Then I saw the magnificent Mediterranean sea... a water of such an intense deep aquamarine colour it seemed to be part of a painting. I was becoming dizzy with these strong new impressions. But my eyes were eager to take in more of this strange landscape, this bright and unfamiliar world. Soon the majestic cathedral of Palma was visible on my right followed by the Palace of the Almudaina, both of Moorish origins and both standing as regal guardians over the entrance to the harbour and city. They appeared to be constructed not of gray stone but rather of a warm, golden material which reflected the splendor of the Mediterranean sun and the softening effects of age.

Soon we were parking the car and on our way to have lunch with Helen, the daughter of Mr. G. who was waiting for us in a little restaurant in the heart of old Palma. The Viking or El Vikingo was formerly a stable owned by a Mallorcan nobleman, after which it was a small dining establishment owned by a German man. Just off the main Plaza de la Reina and a few steps up the Calle de Los Apuntadores, the Viking was reached by carefully maneuvering down a couple of steep stairs into a cool darkness of what seemed to be a small cave, filled with delicious scents of dinners and fragrant pots stewing somewhere in an unseen kitchen.

The owner and chef was Anne Oates, a jovial British woman who was both gracious and clever. She had managed to take over this establishment without experience as a chef and turn it into one of the most loved bar-restaurants and meeting places of the local English-speaking community. People lined up at the bar waiting their turn to sit at a table to sample one of Annie's curries or her famous cold salad and roast beef. Her dishes were so popular that after much prompting by her fans, she wrote a little book, filled with her recipes and stories of how she came to be the owner of The Viking.

Mr. G. and I stepped down into the tiny room where his daughter Helen was waiting to greet us.

Anne's charming little book of recipes and tales.

Continue on to Chapter 3......The Viking

Go back to Chapter 1......The Arrival

Sunday, November 23, 2008

Memories of Mallorca ~ The Arrival

Chapter 1

As I stepped off the plane in Palma de Mallorca the sun was blinding and the air was hot . My tired eyes had never seen such intense sunlight and although I'd had no sleep for well over twenty-four hours my excitement at not only being on an airplane for the first time but also arriving in Europe kept me in a state of nervous anticipation.

The year was 1968 and Spain was a sleepy old country which seemed to have forgotten it was in the twentieth century. General Francisco Franco was the head of state and mass tourism into the country had only recently begun. A liter of wine could be bought for just two pesetas, which was then the national currency, and a long baguette or barra of bread cost only a few centimos which were small thin coins made of aluminum.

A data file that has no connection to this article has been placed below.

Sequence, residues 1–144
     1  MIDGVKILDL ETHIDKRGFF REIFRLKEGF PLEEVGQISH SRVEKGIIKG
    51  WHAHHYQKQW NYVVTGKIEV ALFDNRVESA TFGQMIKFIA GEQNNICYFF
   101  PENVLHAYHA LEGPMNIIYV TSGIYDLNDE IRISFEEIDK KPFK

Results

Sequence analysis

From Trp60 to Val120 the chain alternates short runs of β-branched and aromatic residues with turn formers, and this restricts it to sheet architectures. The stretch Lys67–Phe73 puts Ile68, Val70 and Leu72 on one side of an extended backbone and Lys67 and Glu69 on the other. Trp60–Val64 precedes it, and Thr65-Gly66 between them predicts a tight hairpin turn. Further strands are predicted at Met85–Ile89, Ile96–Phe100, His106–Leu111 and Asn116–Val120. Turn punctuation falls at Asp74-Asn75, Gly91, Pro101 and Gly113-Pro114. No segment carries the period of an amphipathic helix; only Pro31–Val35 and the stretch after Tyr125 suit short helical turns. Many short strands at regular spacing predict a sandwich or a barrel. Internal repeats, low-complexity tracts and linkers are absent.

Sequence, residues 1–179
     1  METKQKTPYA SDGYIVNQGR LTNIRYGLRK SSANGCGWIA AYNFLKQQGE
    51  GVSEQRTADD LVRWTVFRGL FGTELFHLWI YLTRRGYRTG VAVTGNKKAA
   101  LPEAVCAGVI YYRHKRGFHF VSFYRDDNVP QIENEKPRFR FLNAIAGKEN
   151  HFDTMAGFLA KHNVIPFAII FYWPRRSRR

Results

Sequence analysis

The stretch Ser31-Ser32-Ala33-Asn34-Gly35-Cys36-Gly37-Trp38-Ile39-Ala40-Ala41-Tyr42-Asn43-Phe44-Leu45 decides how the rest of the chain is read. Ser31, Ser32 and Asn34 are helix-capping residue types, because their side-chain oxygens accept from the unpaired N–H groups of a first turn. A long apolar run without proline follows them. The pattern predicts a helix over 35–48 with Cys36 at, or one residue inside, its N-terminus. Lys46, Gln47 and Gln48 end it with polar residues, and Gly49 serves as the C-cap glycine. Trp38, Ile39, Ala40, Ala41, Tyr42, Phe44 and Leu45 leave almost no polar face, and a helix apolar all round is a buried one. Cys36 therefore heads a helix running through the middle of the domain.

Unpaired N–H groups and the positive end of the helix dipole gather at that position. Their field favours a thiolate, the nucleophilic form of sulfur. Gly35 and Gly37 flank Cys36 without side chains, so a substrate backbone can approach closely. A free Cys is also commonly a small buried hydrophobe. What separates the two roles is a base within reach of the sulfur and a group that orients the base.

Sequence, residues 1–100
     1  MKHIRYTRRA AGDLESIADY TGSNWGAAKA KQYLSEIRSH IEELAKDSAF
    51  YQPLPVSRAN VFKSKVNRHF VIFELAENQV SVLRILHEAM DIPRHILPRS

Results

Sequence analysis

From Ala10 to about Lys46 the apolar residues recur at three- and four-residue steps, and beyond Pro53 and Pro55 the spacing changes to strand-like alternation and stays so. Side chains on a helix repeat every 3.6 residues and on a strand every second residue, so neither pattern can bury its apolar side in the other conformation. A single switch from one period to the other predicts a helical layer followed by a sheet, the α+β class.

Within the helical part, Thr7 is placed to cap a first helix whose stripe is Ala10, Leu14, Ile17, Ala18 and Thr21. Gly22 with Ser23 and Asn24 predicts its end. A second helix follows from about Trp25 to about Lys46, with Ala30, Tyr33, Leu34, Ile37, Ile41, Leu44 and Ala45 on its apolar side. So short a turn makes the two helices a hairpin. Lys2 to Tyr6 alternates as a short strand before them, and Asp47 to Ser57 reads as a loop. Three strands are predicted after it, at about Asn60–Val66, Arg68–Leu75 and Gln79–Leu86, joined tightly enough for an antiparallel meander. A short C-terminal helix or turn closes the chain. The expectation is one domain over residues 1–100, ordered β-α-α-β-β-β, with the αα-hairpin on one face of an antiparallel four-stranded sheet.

I had come to Mallorca at the invitation of Canadian friends whose relatives had been established there since before the Spanish civil war. Needing a change in my life at that moment, I had accepted an offer to leave Vancouver and teach classical guitar at a music centre in Palma. It seemed to be an intervention of destiny that the position was open just at a time when I had been dreaming of being able to study with a Spanish maestro of classical guitar, but never could I have imagined that this might have become a reality.

photo from the Mallorca Daily Bulletin

Coming out into the arrival hall of the airport I clutched my one little suitcase. It was made of pink striped plastic and must have been a bargain basement purchase. It contained several cotton dresses that I'd sewn before leaving Vancouver. I'd heard that it was very hot in Spain and that cotton was the best material to wear. One dress was yellow, sleeveless and went with a yellow plastic bracelet I bought to match, and the other was a black and white printed cotton, which I made using the same pattern as the yellow one. I bought a white plastic bracelet to go with that one. I didn't have much money at all and had sold most everything I owned, even my beautiful Spanish-made guitar, to pay for my plane ticket.

Coming toward me was my good friend and guitar mentor, Mr. G. who had invited me to stay with his family. He owned a little guitar factory in Palma and had a daughter who was about to marry a Spanish man. Although she was only a couple of years younger, I was to be her chaperone over the next weeks until her wedding. It was frowned on for her to be alone with her fiancee in those days, and I was to accompany her on a trip to Barcelona to make wedding arrangements with his parents.

Mr. G. greeted me like the old friend he was and after asking me how I had enjoyed the trip he took my suitcase and guided me out of the arrivals hall once again into that bright sunlight that tingled the skin on my arms and reminded me that I was going to be experiencing many other new sensations in the next weeks.

We piled into Mr. G's car, which was a Citroën deux chevaux, a vehicle with just two horsepower and a gearshift on the dashboard which had to be pushed in and pulled out in order to change gears. The car looked as though it were made of tin, the engine whirred like a lawnmower and the soft suspension gave one the feeling of riding in a large baby pram. And so we rocked and bounced our way out of the airport and down the highway on our way to Palma city.
Palma de Mallorca - The Borne

Continue on to Chapter 2.......Palma de Mallorca